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Dawn Vogel: But we’re still we’re still doing that, but I have one of the things i’ve noticed is it’s getting harder and harder to focus because there’s no.

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Dawn Vogel: there’s it’s almost like we can’t turn one off and turn on the other, like we’re it’s always a constant we have you know work responsibilities we have school responsibilities, fortunately, my son is able to participate in some extracurricular activities like some.

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Dawn Vogel: You know, basketball and some esports which he needs because it’s really is only way you get some social interaction.

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Jason Mefford: Which is.

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Dawn Vogel: Which is very important, so it’s we lost the compartmentalization and.

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Dawn Vogel: Now becomes a part of you know, we have these activities that we have to do in a day.

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Dawn Vogel: And it just gets bumped from one to another, and maybe one day is more work and more home and in vice versa, so I would say that part of it is becoming more difficult because it’s just it’s makes your brain tired to have to think about that all the time.

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Jason Mefford: Well yeah and I wanna I want to talk more about the hard to focus, but before we go there, I just want to kind of double back on something that you that we were just talking about there, which is.

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Jason Mefford: You know the this whole idea of you know you had to both you and your husband.

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Jason Mefford: had to kind of go back to your employers and say look, you know, based on my son’s schedule.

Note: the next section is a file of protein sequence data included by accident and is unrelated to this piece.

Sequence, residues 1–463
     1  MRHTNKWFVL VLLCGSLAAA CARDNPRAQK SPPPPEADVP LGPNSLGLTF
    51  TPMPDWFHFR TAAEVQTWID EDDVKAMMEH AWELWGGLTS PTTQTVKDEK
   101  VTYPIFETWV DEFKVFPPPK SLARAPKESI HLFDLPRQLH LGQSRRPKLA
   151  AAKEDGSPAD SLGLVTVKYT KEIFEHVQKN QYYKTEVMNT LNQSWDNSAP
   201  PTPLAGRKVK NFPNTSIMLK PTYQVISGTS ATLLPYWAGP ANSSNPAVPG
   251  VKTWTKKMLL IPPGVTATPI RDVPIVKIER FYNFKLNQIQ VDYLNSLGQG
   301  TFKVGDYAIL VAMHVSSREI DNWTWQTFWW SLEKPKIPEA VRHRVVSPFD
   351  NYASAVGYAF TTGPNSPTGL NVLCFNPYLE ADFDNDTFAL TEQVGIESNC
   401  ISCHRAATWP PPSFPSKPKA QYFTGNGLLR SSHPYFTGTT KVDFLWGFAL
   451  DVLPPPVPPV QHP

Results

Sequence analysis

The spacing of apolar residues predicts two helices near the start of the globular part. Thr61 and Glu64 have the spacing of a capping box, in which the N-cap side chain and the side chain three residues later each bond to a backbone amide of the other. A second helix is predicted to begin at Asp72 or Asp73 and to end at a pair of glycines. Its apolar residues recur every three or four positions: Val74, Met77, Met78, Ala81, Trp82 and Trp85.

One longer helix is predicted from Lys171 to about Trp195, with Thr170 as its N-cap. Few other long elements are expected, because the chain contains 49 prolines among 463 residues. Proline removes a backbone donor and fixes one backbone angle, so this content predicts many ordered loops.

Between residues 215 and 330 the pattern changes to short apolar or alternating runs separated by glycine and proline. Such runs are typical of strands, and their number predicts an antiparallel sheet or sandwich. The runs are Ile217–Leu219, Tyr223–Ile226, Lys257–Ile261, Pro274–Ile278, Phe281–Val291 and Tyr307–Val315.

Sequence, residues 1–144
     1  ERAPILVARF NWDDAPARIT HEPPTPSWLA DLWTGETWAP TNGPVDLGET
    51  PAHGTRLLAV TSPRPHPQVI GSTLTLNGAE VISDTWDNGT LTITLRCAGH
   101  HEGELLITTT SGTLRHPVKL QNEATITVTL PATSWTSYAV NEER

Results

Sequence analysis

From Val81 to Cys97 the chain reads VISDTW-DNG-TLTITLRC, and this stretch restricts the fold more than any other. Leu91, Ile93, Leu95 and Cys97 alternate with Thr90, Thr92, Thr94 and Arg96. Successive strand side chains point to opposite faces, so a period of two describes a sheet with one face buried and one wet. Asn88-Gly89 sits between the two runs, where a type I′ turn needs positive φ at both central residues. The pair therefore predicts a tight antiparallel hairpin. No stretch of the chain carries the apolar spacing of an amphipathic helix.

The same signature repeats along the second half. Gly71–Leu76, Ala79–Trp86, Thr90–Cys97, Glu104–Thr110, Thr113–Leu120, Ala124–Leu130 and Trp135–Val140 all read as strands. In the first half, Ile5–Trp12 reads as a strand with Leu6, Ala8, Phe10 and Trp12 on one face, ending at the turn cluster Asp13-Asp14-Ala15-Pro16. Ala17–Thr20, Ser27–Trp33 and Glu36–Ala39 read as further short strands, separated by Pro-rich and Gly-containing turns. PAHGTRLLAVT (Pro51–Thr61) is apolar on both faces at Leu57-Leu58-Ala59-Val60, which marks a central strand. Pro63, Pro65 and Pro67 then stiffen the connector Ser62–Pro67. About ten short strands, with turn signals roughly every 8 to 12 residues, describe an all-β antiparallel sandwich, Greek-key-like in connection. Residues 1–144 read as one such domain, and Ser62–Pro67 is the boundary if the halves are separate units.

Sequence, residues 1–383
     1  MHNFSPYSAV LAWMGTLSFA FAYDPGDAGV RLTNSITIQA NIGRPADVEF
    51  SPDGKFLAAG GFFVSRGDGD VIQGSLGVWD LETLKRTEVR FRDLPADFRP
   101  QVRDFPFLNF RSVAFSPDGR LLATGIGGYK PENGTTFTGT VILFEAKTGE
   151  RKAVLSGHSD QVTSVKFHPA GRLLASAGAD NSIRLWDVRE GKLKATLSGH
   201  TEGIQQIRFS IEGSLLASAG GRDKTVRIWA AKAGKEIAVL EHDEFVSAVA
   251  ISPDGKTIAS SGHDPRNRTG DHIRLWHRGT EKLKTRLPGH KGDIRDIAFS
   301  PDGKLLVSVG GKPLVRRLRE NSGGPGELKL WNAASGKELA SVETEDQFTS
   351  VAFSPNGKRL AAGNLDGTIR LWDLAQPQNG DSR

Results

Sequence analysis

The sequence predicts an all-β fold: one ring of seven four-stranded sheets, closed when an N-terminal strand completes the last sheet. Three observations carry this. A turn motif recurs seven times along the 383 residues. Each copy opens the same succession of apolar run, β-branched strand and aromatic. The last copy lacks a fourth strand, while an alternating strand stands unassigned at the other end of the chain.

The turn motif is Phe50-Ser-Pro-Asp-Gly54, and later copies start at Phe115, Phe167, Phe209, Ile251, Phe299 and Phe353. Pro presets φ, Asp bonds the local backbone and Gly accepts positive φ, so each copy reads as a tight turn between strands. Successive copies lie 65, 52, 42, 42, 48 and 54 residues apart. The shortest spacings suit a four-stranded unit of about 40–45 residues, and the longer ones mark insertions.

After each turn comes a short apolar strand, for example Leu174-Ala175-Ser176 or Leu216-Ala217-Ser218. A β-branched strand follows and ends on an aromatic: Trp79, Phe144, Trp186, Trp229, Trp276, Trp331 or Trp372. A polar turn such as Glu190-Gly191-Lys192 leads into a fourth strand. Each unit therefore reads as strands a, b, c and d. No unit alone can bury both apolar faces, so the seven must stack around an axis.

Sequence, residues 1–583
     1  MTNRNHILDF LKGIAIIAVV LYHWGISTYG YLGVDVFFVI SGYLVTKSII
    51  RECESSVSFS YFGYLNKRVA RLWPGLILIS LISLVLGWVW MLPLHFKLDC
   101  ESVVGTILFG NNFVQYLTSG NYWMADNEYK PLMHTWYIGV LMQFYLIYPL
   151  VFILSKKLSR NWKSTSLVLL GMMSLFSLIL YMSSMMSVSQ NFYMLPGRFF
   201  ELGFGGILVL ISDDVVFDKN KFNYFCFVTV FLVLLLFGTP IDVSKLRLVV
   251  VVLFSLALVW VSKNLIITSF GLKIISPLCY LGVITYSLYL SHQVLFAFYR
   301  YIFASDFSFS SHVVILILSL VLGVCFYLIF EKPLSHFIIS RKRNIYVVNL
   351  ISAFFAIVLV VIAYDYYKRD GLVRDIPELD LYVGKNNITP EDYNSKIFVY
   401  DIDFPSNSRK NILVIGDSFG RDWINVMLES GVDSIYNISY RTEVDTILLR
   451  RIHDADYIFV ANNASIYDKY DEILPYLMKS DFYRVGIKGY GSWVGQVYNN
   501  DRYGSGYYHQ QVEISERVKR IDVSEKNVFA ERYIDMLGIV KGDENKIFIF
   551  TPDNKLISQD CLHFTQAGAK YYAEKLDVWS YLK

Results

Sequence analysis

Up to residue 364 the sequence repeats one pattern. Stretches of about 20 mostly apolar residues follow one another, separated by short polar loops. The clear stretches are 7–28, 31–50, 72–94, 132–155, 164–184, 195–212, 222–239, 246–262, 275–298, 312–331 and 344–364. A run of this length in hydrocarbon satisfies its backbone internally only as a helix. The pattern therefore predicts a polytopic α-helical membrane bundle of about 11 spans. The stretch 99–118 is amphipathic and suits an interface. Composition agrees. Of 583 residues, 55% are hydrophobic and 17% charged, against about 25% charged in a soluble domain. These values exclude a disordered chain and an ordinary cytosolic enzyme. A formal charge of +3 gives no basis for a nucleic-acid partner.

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Jason Mefford: I really kind of need to have you know these two hours in the morning, where i’m unavailable right so i’m guessing at that point yet to kind of.

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Jason Mefford: Like block your calendar certain days from from eight to 10 so that.

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Jason Mefford: So that nobody got onto your calendar, and they would have to understand you know that as well that, for certain parts of the day, whatever they they are going to be i’m going to be a little unavailable.

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Jason Mefford: But i’m sure it works, the same thing with the people that that work for you as well, right, so this had to become kind of a juggling act between not only.

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Jason Mefford: kind of managing up but also managing down and realizing and having empathy for the people that work for you they’re in the same situation you are.

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Right yeah.

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Dawn Vogel: that’s.

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Dawn Vogel: that’s exactly right.

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Dawn Vogel: And then.

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Jason Mefford: It How does that all kind of work out because again it’s like everybody’s going to have kind of some different schedules i’m guessing to so.

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Dawn Vogel: Well then, it becomes priorities, it becomes very I would say my employer was great with being you know there, they are like whatever you need.